• Point out any unexpected results, and limitations of the results/theories.
    • Show how your results/observations agree/contrast with previous work.
    • Don’t be shy; discuss the theoretical implications of your work, as well as any possible practical applications.
    • State your conclusions as clearly as possible.
    • Summarize your evidence for each conclusion. New assume anything.
    • Discuss the significance of your work supported by the results, simply state the little progress you made in the work, not extrapolate to something bigger which cannot be supported by what you have presented in the paper.
  • Tables
    • As a rule, do not construct a table unless repetitive data must be presented. Whenever a table, or columns within a table, can be readily put into words, do it.
    • Give only significant figures in numbers. Nonsignificant figures may mislead the reader by creating a false sense of precision. They also make comparison of the data more difficult. Unessential data should be omitted.
    • Present the data in the text, or in a table, or in a figure. Never present the same data in more than one way. Selected data can be singled out for discussion in the text.
    • Vertical rules/lines should not be used.
    • The table should be arranged to read now not across.
    • Numbers should be aligned to the right and words to the left.
    • The title of table (or legend of figure) is like the title of the paper itself: concise, not divided to two or more clauses or sentences, waste words should be omitted.
  • Figures
    • If the data show pronounced trends, making an interesting picture, use a graph. If the numbers just sit there, with no exciting trend in evidence, a table should be used.
    • Figure should be clear and readable.
    • Figure should present info which cannot be presented by text and table.

Writing Tips

Presentation Tips

  • Adapt the presentation to your audience.
  • Avoid including too many formulas. Only include the most relevant ones for your presentation.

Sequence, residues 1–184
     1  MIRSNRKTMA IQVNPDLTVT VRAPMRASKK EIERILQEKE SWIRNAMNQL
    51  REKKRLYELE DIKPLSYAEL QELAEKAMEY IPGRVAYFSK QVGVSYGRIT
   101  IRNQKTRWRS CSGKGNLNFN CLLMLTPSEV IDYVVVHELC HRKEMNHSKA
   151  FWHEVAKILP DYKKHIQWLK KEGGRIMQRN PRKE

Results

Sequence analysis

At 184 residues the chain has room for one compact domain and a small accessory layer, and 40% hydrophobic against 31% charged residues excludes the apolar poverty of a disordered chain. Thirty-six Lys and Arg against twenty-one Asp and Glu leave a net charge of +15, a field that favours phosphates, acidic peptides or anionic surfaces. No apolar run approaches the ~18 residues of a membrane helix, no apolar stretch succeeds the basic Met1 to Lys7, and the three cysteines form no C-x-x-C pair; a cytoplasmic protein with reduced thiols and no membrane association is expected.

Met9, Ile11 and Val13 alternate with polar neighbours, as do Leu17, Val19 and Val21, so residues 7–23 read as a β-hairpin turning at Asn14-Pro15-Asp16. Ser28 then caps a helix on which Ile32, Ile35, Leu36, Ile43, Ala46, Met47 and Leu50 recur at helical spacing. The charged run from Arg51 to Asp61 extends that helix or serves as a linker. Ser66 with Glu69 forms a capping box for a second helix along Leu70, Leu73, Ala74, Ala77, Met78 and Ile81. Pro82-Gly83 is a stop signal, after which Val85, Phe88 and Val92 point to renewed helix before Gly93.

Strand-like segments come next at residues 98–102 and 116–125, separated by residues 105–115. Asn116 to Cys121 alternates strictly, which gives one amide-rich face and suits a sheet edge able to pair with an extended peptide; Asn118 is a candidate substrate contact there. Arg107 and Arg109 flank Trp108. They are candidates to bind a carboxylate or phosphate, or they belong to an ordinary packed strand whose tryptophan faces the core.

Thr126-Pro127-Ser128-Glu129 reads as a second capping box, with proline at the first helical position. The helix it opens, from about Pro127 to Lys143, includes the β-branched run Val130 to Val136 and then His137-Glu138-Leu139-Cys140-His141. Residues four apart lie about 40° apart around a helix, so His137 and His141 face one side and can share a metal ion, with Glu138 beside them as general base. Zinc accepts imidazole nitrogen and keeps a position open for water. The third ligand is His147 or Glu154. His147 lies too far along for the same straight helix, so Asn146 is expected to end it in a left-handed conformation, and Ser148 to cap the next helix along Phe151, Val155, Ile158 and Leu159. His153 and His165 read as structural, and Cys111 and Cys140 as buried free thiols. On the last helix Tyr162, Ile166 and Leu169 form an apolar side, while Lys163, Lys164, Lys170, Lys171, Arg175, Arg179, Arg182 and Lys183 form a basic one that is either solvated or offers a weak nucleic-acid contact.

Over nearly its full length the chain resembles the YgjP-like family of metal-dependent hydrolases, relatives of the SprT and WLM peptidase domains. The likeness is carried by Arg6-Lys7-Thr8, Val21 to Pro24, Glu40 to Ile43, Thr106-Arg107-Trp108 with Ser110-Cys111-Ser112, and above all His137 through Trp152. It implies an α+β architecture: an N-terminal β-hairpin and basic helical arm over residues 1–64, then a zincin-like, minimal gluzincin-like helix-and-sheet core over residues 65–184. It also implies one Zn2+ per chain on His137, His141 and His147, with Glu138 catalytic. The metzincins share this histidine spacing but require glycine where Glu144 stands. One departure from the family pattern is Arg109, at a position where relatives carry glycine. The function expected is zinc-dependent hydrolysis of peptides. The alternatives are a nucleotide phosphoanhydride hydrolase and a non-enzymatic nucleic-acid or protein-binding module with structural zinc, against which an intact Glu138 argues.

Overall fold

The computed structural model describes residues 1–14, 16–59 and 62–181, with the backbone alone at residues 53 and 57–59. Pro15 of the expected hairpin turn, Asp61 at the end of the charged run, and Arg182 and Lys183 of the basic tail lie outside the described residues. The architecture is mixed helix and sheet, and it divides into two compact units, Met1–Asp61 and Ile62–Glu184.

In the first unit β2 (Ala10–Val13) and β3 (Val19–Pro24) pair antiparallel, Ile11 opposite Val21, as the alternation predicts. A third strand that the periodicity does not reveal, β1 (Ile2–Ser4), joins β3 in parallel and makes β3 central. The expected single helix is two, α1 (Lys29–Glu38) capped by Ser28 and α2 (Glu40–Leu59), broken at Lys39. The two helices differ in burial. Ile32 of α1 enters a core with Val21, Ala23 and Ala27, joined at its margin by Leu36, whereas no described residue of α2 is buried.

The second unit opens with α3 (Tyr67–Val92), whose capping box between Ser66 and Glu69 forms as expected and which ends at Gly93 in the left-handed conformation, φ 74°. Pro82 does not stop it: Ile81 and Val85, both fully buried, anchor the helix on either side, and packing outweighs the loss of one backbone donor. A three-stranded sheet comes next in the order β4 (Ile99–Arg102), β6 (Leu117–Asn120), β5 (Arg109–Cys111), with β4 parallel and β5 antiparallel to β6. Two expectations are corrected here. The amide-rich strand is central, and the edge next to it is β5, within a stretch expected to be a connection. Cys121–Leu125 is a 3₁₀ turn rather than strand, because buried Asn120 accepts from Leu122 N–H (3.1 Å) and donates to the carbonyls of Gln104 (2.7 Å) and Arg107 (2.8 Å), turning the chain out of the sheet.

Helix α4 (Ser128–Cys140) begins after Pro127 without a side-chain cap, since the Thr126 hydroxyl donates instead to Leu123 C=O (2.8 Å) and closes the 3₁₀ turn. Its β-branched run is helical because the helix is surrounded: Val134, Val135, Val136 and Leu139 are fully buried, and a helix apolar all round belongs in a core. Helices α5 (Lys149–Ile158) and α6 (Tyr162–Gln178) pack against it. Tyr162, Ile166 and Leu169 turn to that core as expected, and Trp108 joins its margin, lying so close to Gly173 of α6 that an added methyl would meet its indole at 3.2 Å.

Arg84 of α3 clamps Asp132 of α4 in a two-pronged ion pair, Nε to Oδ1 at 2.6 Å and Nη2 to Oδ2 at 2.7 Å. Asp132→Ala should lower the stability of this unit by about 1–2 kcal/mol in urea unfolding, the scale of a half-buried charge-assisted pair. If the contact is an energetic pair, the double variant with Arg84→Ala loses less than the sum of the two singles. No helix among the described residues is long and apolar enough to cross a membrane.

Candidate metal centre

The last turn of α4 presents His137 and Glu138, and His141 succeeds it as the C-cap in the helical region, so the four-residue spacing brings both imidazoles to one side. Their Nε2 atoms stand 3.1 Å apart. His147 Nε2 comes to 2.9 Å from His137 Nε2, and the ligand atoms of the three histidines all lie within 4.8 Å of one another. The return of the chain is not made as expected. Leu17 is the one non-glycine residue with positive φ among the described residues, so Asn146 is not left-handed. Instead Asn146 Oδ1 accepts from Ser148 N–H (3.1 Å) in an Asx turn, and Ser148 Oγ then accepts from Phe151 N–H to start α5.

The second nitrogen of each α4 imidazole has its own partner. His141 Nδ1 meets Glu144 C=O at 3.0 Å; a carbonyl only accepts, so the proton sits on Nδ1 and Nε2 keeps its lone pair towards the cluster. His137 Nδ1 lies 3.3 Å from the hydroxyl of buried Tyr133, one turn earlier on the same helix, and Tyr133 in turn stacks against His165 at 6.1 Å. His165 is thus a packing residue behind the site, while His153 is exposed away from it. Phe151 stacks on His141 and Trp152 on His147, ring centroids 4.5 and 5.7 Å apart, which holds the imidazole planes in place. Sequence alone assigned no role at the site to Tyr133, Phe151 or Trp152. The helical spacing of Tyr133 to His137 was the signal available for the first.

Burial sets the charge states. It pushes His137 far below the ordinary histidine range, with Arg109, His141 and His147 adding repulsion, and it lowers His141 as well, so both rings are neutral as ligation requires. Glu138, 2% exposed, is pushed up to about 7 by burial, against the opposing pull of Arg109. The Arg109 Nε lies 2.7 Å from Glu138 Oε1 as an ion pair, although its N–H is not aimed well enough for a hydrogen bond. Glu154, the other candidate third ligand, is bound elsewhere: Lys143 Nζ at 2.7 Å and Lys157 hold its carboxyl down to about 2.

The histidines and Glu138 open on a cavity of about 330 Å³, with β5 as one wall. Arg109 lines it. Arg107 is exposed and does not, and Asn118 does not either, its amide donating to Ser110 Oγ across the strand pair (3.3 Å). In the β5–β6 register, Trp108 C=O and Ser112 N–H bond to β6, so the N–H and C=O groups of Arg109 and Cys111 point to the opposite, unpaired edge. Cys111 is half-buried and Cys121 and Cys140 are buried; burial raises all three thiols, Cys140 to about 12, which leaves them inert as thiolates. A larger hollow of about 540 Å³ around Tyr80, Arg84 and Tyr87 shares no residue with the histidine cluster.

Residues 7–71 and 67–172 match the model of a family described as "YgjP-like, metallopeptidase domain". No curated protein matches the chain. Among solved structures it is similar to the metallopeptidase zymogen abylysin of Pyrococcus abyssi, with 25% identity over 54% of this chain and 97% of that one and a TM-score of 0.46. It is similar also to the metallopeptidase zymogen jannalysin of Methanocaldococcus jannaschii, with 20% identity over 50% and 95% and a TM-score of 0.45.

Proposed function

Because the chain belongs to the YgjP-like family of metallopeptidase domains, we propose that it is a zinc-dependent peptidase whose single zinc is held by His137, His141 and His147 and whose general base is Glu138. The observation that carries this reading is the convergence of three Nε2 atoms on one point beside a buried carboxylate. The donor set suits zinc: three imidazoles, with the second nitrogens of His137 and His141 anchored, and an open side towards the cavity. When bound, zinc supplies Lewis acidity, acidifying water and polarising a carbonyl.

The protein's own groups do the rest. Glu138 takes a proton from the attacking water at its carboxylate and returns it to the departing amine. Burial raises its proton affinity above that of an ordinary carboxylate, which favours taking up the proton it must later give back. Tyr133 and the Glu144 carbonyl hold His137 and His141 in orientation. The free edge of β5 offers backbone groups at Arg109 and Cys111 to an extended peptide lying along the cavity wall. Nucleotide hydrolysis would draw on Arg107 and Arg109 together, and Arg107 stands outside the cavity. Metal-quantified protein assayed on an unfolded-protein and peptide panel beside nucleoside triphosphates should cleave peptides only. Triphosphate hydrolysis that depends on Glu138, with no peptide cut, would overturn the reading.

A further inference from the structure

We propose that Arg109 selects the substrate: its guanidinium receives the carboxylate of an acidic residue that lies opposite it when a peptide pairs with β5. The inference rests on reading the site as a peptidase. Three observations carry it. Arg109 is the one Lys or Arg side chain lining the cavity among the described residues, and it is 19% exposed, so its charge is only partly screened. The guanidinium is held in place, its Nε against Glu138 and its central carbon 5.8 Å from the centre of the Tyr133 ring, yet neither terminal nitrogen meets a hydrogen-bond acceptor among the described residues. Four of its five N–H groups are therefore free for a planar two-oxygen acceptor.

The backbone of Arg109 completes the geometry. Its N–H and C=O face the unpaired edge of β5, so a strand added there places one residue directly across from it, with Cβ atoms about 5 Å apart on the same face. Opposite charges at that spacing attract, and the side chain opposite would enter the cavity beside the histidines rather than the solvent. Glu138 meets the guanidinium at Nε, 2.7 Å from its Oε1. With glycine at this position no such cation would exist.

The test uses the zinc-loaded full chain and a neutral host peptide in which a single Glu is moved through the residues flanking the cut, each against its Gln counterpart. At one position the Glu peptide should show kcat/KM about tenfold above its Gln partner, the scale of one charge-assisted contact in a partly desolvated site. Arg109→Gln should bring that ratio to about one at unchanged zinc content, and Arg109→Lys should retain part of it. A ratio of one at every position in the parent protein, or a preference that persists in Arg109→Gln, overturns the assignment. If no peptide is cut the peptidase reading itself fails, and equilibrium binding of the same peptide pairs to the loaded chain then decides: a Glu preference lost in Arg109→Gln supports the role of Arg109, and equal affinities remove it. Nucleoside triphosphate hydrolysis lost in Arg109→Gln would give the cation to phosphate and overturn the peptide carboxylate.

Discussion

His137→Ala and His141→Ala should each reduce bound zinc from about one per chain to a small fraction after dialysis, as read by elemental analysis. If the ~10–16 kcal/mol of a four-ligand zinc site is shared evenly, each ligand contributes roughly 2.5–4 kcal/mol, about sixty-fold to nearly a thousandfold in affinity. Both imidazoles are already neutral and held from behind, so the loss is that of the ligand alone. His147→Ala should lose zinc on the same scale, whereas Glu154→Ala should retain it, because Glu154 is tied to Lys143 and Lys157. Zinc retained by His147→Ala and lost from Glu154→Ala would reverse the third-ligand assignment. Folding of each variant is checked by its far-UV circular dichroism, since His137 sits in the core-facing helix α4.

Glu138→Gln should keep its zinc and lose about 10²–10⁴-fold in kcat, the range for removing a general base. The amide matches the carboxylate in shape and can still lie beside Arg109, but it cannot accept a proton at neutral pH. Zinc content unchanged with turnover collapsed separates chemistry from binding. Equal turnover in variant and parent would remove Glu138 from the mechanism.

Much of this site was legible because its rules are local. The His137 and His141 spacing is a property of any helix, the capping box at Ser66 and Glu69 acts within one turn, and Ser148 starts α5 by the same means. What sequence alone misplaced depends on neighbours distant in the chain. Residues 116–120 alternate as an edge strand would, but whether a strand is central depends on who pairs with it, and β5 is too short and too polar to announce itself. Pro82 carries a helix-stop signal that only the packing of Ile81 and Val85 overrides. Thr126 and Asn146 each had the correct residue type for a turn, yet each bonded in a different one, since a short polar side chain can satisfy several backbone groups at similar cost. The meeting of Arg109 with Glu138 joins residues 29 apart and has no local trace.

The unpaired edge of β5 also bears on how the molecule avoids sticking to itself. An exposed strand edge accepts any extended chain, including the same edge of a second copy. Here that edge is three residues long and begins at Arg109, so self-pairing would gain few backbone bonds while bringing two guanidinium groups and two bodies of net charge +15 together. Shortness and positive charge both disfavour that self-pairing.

• Clearly identify the main takeaways of the presentation or alternatively, each slide.

Purdue Dissertation/Thesis Tips

  • Start documenting your work, derivation of formulation, and simulations early in your PhD. Publishing conference and journal papers helps.
  • If you are copying from your conference/journal papers into your dissertation, you need to reference them at the beginning of each chapter (plagiarism check).
  • In case you are using data provided by project sponsors, check with them how you need to acknowledge them and publish the data. Some sponsors may require to have your thesis/presentation cleared before your deposit or defense. This can be avoided if you cleared the data for a conference or journal presentation.
  • Go through the Purdue Graduate School’s Formatting Guidelines and Deposit Procedures presentation.
  • Get the most updated LaTeX template from the Purdue Graduate School and check for further updates. Purdue students have a free Overleaf account.
  • Schedule an thesis consultation before you send your thesis to your committee for smooth deposit process. Ashlee Messersmith is the advisor familiar with the LaTeX/Overleaf template.
  • Add the defense/deposit etc. deadlines to your calendar. Send a calendar invite to committee members with the details.
  • Think about the most relevant keywords when you deposit your thesis in Hammer.
  • Once the thesis is deposited, Xerox prints the dissertation with Case Binding option. Walk-ins or email replies. It takes around 4-6 weeks. They can deliver to a campus address for an extra shipping fee.
  • Back-up your data at the cdmHUB. Start backing up early so that it is easier for you to organize the material.